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I'm coding up a framework (in Java, but question is generic) in which I will provide a set of interfaces for clients to implement. The functions in the framework are going to rely on how the implementation classes will be constructued, that is, thay depend on those implementations to provide other instances of interfaces.

For example I might have:

Interface IContribution {
   public IMyStuff getMyStuff();
   public IHelper getHelper();

Interface IMyStuff {
     public void doSomeMethod(IHelper helper);

How can I make sure that those instances of IMyStuff and IHelper are available?

One method would be to create the 'getter' methods in the interface and in my framework painstakingly check for null objects returned.

Another option would be to create abstract classes that implement a factory that calls (using a strategy patterns) the interface methods to be implemented. But this defies the fact that I have the interface in the first place. Clients should then use the abstract class. But they could circumvent this by using the interface instead of the abstract class. Therefore I should not provide the interface but only the abstract class...

So, what are your ideas on this, what is a pragmatic approach to this?

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Danger Will Robinson, Danger: Architect Astronaut's ahead. –  Chris Lively Jun 25 '09 at 20:08
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3 Answers

up vote 2 down vote accepted

How can I make sure that those instances of IMyStuff and IHelper are available?

If the clients are responsible for implementing the interfaces and classes themselves, I would say it's their responsibility to make sure that those instances are available - I wouldn't concern myself with putting it in my own code.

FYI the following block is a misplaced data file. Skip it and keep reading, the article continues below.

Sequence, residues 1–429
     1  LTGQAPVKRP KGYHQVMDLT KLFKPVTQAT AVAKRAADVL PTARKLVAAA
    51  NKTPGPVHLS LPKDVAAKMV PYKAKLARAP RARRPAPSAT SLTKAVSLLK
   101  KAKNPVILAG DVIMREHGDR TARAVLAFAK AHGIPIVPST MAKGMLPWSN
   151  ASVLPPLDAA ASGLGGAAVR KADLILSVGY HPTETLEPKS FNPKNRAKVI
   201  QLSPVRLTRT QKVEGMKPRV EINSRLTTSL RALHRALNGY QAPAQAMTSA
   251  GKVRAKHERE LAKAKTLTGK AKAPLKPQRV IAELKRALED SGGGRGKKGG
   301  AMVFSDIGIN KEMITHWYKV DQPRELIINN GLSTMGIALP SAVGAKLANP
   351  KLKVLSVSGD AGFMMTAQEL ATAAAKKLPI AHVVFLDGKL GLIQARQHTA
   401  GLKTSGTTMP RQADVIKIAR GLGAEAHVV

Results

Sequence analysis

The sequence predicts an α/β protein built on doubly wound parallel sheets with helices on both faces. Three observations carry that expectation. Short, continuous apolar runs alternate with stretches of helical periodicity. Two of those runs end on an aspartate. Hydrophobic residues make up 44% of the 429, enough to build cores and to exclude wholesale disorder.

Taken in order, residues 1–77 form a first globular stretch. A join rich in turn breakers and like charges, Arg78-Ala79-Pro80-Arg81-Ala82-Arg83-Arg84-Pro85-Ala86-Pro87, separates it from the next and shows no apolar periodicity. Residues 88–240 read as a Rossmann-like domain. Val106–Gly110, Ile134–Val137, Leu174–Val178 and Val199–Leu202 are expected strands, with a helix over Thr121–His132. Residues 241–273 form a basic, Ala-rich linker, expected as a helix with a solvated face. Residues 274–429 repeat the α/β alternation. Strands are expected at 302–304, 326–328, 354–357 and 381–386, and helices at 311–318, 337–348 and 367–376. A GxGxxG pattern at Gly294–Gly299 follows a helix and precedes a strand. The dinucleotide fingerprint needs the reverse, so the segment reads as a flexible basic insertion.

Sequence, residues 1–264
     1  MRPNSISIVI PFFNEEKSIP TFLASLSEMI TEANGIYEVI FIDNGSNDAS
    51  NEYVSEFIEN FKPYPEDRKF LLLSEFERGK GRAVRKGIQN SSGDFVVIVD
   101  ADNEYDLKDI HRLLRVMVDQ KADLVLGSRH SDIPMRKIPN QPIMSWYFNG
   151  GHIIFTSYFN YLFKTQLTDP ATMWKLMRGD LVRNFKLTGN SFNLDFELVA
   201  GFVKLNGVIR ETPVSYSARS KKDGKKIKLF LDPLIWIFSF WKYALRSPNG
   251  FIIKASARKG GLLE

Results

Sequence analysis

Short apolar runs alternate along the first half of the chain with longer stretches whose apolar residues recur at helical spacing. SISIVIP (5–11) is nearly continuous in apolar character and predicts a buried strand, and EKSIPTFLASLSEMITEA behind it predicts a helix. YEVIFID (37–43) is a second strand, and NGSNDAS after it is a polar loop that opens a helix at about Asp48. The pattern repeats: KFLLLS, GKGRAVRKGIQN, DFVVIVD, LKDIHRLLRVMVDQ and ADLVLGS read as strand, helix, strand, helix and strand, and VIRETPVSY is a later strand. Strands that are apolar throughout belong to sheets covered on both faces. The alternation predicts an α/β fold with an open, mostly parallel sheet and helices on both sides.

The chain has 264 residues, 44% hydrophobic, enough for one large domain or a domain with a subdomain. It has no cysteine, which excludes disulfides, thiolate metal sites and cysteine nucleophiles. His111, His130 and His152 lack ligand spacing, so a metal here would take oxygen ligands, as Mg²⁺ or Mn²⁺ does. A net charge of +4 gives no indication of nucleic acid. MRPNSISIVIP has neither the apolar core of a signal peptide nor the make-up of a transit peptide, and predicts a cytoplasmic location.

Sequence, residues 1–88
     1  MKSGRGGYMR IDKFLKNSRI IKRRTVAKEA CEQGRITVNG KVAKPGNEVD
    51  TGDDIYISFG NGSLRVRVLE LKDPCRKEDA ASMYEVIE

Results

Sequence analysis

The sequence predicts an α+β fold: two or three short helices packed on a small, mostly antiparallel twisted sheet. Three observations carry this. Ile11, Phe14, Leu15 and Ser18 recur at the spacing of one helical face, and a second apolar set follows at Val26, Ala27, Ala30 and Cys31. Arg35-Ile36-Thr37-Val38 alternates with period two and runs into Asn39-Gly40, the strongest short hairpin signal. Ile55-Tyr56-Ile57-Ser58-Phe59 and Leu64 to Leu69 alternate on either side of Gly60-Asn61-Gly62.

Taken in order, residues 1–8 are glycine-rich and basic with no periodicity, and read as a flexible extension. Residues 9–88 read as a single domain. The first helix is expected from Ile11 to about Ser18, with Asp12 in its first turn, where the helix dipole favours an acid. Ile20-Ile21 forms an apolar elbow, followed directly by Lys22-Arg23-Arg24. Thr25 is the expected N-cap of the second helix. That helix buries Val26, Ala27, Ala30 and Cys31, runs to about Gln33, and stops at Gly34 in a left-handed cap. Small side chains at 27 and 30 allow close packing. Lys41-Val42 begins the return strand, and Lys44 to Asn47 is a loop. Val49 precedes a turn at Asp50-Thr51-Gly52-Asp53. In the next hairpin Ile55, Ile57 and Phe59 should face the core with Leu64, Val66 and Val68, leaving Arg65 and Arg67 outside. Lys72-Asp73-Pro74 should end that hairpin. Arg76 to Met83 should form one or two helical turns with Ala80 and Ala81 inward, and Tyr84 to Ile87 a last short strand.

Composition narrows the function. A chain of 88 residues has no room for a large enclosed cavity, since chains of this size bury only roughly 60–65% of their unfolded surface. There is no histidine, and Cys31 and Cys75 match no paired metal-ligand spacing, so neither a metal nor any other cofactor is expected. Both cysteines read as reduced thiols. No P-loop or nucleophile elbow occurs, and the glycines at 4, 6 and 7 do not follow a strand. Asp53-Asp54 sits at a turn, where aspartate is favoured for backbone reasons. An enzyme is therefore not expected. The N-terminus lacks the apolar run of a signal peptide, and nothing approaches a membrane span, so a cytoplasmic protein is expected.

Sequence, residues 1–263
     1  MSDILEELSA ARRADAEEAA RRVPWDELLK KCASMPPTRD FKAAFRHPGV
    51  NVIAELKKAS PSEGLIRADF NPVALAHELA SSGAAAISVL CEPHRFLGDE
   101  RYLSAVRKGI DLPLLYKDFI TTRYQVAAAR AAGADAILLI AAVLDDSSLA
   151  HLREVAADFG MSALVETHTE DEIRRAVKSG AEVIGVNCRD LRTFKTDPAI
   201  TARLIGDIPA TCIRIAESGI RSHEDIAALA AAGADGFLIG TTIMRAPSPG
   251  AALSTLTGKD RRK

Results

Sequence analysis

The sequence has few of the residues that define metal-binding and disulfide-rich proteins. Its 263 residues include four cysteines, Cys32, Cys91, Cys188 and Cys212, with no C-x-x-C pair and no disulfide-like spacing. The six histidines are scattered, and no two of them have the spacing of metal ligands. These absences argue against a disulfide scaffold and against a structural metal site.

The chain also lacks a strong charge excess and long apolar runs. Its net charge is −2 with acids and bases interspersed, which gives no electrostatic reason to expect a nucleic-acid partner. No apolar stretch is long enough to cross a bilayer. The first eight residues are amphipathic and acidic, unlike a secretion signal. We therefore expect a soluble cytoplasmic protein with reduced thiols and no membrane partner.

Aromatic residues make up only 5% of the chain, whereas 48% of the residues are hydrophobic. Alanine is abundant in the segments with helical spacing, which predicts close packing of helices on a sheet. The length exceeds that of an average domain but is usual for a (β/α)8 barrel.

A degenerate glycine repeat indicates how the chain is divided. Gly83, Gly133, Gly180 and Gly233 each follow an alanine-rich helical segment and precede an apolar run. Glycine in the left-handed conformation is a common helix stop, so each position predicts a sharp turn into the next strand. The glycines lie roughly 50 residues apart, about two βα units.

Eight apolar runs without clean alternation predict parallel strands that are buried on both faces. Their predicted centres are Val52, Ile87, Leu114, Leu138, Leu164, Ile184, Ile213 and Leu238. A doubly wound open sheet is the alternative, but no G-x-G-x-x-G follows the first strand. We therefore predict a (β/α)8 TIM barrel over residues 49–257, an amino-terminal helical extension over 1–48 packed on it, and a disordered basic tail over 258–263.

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Any framework should exist to provide tools for the programmer to use, however it is ultimately up to the programmer to use the tool and to implement the tool appropriately. Good documentation is really all you need. –  AlbertoPL Jun 25 '09 at 20:04
Exactly. From your question it sounds like you're in some kind of battle with your users -- "if I do this, they can circumvent it and do that..." -- be sure that if a user decides to misuse your framework, they are going to succeed. But you're not writing a framework for the abusing user, you're writing it for a user who (hopefully) wants things to work. Just documenting the fact that the interface methods must return valid objects should suffice, and even that might be slightly redundant. You could check for nulls to be more accommodating of mistakes, but that's really all there is to it. –  Avish Jun 25 '09 at 20:08
Ok, right, so there's no guarantee. Smart checks here and there should catch most serious errors, but the rest then boils down to having good documentation. –  nojevive Jun 25 '09 at 20:48
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In order to build a good framework, you need to simultaneously be building an application around it. That way you will know and understand the pain your clients will endure BEFORE it is foisted upon them.

In other words, start with: How would my clients work with this application? How do they need to work with it?

You will immediately realize that the simplest way, from their perspective, is going to be best.

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Thanks, great 'best practice' advice. –  nojevive Jun 25 '09 at 20:49
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You can't ensure it with Interfaces alone, no behaviour there.

I agree with the philosphy of defensive programming in the Framework, help the developers avoid making mistakes.

You can supply a factory object:

public class MyPoliceman {
    public IContribution makeContributor( IMyStuff stuffer, IHelper helper)
                    throws BadAssociatesException {

     // check validity of stuffer and helper here, throw exceptions if null

Then at least we can check for nulls etc.

With some thought it's usually possible to give the developers help. In some cases the best you can do is to trap errors and report them craefully. For example here, a perfectly fine IHelper could be passed to your factory, but later actions on the class could render it incapable. (eg. Image it was a File, and a side effect later closed the file.) Then all you can do is trap the resulting error condition, record an error somewhere and (likely) throw an exception. Then at least the developer has a clue about what to fix.

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